Archive for February, 2014

A firsthand experience at a different, non-reductionist thought process

February 26, 2014

I would like to share with you an experience I had today.

I am working with two other people to write a paper that summarizes some work we did. One of the persons was born and raised in Taiwan, i.e., he is Chinese.

In today’s discussion I said to my colleagues, “We need to show how all the rules fall into five separate categories.”

The problem, however, was that the rules didn’t really fit into five neat categories.

The Chinese guy said, “No, the rules have some of this set of properties and some of this other set properties; we need a matrix which shows the rules are part this, part that.”

What a radical difference of mindset.

The third person explained to me: “In the Western culture we try to break everything down into tidy, independent categories. For example, in grade school we are told that the human body is composed of a liver, a heart, lungs, and so forth, and each works pretty much independently. This is called the reductionist approach. But in the Asian culture they don’t think this way. They are taught that everything is interconnected, e.g., depression in the brain affects digestion in the stomach, digestion in the stomach affects depression in the brain.”

This was a huge wakeup call for me. I feel very privileged to have had this experience. My tiny view of the world got shattered.

Ways To Specify Things Precisely And Clearly

February 23, 2014

I am interested in hearing your thoughts on this:

Need Precision And Clearness

In work and in daily life it is important to be precise and clear. Mathematics is one way to achieve precision and clearness, if the problem is numerical in nature. However, there are many problems that require precision and clearness and are not numerical in nature. I think our educational system devotes too much time to mathematics as a way to express precision and clearness, and not enough time to the other means to express precision and clearness.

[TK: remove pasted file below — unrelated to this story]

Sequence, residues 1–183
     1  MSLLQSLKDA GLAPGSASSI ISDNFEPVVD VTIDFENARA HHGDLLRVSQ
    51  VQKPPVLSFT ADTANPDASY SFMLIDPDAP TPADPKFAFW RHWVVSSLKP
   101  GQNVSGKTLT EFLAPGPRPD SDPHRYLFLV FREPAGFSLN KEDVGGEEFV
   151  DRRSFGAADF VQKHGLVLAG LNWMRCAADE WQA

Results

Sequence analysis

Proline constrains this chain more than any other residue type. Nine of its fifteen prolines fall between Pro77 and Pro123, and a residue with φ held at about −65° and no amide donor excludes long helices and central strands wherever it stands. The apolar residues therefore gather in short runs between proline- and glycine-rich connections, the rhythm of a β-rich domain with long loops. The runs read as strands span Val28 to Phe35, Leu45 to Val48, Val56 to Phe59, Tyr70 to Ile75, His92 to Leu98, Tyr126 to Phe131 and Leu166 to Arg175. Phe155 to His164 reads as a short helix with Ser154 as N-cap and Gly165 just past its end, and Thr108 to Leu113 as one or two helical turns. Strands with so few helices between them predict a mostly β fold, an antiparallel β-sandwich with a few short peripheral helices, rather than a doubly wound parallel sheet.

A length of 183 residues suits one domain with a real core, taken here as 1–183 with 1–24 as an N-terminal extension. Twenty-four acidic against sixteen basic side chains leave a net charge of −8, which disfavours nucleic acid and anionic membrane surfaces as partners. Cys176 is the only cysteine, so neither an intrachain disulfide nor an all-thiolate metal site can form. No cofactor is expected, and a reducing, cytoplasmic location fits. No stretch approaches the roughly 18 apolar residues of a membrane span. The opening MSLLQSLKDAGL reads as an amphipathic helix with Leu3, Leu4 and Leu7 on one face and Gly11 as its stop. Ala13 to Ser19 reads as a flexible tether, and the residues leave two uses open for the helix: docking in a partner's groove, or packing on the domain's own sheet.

Allow me to explain please…

My Kitchen Has 10 Pieces Of Fruit

In my kitchen I always keep 10 pieces of fruit on hand. Of the 10 pieces of fruit I always have two varieties: bananas and oranges, pears and kiwis, etc. If I wanted to rigorously specify this, I could create a mathematical equation:

x + y = 10

where x represents one kind of fruit and y the other.

Equations are great for precisely and clearly specifying things that are numerical, such as the count of pieces of fruit in my kitchen.

Being able to specify things precisely and clearly is important. Mathematical equations are great for this: they are succinct, they are abstract (free of irrelevant details such as the fruit’s color, shape, and texture), and they avoid the clumsiness of the English language (“I have 10 pieces of fruit and of them I have two varieties” is clumsy compared to “x + y = 10“).

Non-Numerical Problems Need Precision And Clearness

Not everything that we want to specify precisely and clearly is numerical. For instance, it would be useful to precisely and clearly specify the format of a Web page (i.e., HTML): an HTML document must have html at the beginning (the root element) and it must contain a head element followed by a body element; the head must contain zero or more meta elements and a title element, and so forth. Some very smart people have developed a succinct, precise way of specifying the HTML format, using something called a “BNF grammar.”  A BNF grammar contains “rules” and each rule specifies the content of each element, e.g.,

<html> ::= <head> <body>
<head> ::= <meta>* <title>
<body> ::= …

That notation might look strange. That illustrates my point. Here we have something that is non-numerical and needs a precise and clear specification. The BNF grammar notation is something that our educational system should expose to students early in their education.

Students need to see that (1) things need to be specified precisely and clearly, (2) not everything is numerical, and (3) non-numerical things can be expressed as precisely and clearly as numerical things.